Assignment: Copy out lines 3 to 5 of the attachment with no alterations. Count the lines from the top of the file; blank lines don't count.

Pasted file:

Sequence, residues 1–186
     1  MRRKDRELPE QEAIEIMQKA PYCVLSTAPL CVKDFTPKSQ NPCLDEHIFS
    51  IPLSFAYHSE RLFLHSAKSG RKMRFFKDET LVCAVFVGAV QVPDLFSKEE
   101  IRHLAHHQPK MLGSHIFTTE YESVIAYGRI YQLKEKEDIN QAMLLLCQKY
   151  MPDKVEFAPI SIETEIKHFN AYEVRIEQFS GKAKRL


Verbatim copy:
    51  IPLSFAYHSE RLFLHSAKSG RKMRFFKDET LVCAVFVGAV QVPDLFSKEE
   101  IRHLAHHQPK MLGSHIFTTE YESVIAYGRI YQLKEKEDIN QAMLLLCQKY
   151  MPDKVEFAPI SIETEIKHFN AYEVRIEQFS GKAKRL